75: TZ Daily – End Of Days

Justin and Jason discuss their experience with the daily format, how a tweet from Jason Calacanis spiked the subscriber numbers, implementing recurring payments using PayPal reference transactions, using Forkly to facilitate a viral launch, the secret to hitting the Hacker News front page and why you need to build a brand.

7 Comments
  1. William says:

    I’m curious about how billing has worked for you guys. For example, is it difficult for a typical startup to get a merchant account with a major credit card company? For PayPal and CC companies, how much of an issue are chargebacks in practice? For selling a piece of software, money back guarantees in some sense don’t cost you anything (or at least not much).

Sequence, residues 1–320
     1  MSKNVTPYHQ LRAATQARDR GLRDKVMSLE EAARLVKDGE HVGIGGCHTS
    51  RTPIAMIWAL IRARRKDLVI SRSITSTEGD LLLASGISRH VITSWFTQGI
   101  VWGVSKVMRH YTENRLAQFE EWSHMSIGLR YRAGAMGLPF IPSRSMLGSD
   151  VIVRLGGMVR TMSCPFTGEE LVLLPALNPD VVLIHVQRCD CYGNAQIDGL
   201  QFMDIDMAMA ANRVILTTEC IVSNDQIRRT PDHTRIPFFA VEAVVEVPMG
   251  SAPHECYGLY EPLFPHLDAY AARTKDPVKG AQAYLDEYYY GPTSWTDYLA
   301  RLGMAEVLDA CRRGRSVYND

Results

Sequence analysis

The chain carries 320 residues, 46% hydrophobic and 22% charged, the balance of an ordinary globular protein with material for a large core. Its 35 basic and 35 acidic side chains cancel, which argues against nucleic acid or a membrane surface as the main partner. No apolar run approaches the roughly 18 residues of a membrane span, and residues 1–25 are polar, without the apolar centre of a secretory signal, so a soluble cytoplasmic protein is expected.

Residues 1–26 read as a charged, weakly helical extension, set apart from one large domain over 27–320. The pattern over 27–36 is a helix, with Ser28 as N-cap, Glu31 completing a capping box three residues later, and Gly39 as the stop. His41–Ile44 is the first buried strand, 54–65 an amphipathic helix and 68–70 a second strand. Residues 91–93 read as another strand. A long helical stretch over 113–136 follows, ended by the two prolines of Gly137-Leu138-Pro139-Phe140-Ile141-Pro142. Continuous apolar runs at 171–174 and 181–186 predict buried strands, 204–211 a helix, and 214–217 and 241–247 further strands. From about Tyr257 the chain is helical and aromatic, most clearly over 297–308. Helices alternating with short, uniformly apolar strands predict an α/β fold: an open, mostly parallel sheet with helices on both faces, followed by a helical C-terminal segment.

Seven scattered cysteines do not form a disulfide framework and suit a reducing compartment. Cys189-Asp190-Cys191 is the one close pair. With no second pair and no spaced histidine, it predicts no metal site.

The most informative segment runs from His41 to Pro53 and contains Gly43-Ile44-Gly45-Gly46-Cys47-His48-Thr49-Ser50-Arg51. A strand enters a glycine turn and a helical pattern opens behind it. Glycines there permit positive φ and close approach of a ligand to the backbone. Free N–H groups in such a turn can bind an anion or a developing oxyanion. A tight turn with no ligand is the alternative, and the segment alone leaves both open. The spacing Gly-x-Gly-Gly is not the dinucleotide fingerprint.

But, what about when your have high costs per user relative to what they pay? For example, imagine that you have a company that applies machine learning algorithms in an automated fashion to user data. Now, if the data is large and the calculation is computationally hard, then you might use EC2 to create a virtual cluster to solve the user’s problem. If you offer them a money-back guarantee and they use it (the result wasn’t what they expected, even if it was right, they just decide they don’t want to pay), then you’re out the money of those instances. Here, the prices might still be relatively cheap, so you can absorb the costs. But, imagine if you were paying people to provide a service. For example, any matchmaking service. Suppose you provide a technical document outsourcing service where you find contractors (that you screen) to write technical documentation for companies. Once you get a job and you hand it off to the contractor, the contractor has to paid. Do you make their pay contingent on the satisfaction of the customer?